When Life Gives You Parkinson’s podcast: Positive impacts of Parkinson’s
|globalnews.ca 13 Mar 2019 at 09:16|
In June, I will be travelling to Kyoto, Japan, for the fifth World Parkinson Congress (WPC) . WPC is a global Parkinson’s event that opens its doors to all members of the Parkinson’s community, from neurologists and researchers to those living with the disease. Since my diagnosis in August 2017, I’ve launched the podcast . As an extension of that podcast, I have teamed up with the World Parkinson Coalition to help preview WPC 2019.
After he was diagnosed with Parkinson’s, Tim Hague Sr. won the first season of The Amazing Race Canada and wrote a book called . In this episode, Hague and I chat about diagnosis, acceptance, finding balance, asking for help, building a community and why it is important for people with Parkinson’s to have the mindset of an athlete.
This will be Hague’s third World Parkinson Congress. He describes it as a fascinating opportunity.
“It is the only event of its kind for Parkinson’s where everybody associated with Parkinson’s shows up: researchers, docs, family, people with Parkinson’s and everything in between,” he says.
He likes it because of the unique perspectives on how this disease is treated, researched, attacked and responded to.
For first-timers, Hague suggests making a clear schedule, planning naps and breaks, picking enough stuff to get to and manage and leaving some flex time. Don’t feel like you need to do everything, he says. You can . Also, Hague suggests you pack light; he plans to go to Kyoto for two weeks with all his clothes in a carry-on bag.
Hague explains how he plans to do that in the podcast. The WPC offers other tips in its online Travel Tool Kit.
Elaine Book is a social worker at the Pacific Parkinson’s Research Centre in Vancouver, B.C. She’s involved with the Care Partner Lounge and will be speaking at the WPC about the impacts of Parkinson’s on children in the house. Book admits that not all kids will have adjustment issues just because a parent is diagnosed with Parkinson’s but certainly some do. Some of the common feelings that children have experienced can be around shame, anxiety, sadness, fear, anger, grief, loneliness and self-consciousness because Parkinson’s disease has an unusual presentation at times. Additionally, Book notes there are a lot of positive impacts to recognize, too.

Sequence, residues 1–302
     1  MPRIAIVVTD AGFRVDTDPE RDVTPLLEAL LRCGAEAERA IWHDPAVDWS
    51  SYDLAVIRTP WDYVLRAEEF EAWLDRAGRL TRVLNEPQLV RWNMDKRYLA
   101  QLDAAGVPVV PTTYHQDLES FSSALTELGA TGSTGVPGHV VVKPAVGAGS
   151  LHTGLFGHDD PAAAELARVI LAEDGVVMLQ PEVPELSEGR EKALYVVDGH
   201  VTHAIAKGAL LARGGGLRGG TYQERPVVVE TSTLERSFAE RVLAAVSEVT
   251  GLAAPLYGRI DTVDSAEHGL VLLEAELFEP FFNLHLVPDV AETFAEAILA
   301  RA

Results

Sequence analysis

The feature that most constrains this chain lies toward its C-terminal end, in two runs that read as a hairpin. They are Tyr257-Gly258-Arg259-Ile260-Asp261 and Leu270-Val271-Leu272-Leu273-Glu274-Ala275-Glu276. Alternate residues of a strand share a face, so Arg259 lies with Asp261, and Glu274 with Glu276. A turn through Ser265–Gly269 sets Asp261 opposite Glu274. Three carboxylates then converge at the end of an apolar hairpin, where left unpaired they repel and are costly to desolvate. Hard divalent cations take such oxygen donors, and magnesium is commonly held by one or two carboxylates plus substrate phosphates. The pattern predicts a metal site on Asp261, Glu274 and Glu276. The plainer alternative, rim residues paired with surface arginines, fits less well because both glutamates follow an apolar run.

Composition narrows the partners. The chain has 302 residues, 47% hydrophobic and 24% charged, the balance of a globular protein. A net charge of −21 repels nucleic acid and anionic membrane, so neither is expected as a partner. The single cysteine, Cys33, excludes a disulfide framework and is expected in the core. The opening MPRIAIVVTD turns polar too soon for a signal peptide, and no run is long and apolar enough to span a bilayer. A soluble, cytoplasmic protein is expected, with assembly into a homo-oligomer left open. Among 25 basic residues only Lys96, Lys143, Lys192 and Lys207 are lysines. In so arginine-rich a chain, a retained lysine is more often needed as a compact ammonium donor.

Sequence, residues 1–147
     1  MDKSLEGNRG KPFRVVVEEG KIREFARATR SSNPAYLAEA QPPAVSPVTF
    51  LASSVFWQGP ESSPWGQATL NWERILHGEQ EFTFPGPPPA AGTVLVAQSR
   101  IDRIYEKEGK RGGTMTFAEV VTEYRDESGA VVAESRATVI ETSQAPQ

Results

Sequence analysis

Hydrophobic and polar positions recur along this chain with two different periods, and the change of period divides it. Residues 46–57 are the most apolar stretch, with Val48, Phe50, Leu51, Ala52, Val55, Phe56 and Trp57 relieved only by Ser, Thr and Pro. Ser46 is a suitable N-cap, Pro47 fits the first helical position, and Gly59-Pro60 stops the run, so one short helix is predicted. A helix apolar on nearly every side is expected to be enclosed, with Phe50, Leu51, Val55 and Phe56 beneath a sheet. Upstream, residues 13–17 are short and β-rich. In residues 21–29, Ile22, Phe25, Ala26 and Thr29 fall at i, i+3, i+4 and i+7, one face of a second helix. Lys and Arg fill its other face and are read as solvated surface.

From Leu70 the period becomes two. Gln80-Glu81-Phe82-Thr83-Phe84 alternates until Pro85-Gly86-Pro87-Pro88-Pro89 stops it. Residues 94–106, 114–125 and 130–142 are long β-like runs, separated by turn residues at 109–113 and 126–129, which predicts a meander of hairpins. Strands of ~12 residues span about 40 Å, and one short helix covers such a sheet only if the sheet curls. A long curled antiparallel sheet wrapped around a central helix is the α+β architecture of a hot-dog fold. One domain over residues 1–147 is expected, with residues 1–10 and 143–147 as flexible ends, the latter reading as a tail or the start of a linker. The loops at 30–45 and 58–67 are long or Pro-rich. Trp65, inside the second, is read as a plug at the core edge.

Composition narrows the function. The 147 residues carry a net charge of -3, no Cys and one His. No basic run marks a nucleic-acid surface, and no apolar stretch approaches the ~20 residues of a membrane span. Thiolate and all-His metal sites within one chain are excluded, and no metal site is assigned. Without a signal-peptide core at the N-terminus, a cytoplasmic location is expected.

“Children might really develop improved coping skills. They can develop a sense of pride and maturity and empathy and compassion that they might not otherwise be able to be exposed to if there wasn’t a chronic illness in their home,” Book says.
On each episode of the WPC 2019 podcast, I’m going to check in with James Heron, executive director of the Japanese Canadian Cultural Centre , to teach us a new word or phrase and help us better understand Japanese culture so we can avoid embarrassing ourselves or offending our hosts.
This episode, Heron shares the phrase yoroshiku onegaishimasu, which can mean “please treat me in a favourable manner” or “How are you?” It’s used particularly in a first meeting or when asking someone for a favour.
You can listen to the pronunciation of this phrase by googling it online. A key thing to keep in mind when saying phrases in Japanese is to be sincere, speak slowly and be polite. Simply making the attempt to speak Japanese will be appreciated.
Heron also notes that business cards are quite an important tool in Japan, as the Japanese are more comfortable with formality and rituals. He suggests your business card is best if translated, with English on one side and Japanese on the other. He also recommends that cards are printed on good, quality card stock and that you take good care of your business cards, keep them clean and store them in a case. Heron describes the ritual of presenting the card, too.
“Take the card, have your name facing the other person, hold the card with two hands and extend the card with a slight bow. Hand it to the person with two hands and receive their card with two hands as well,” Heron says. “Once you receive the card, make a little bit of a show of actually reading it over and paying attention to it, showing you value it and respect it.”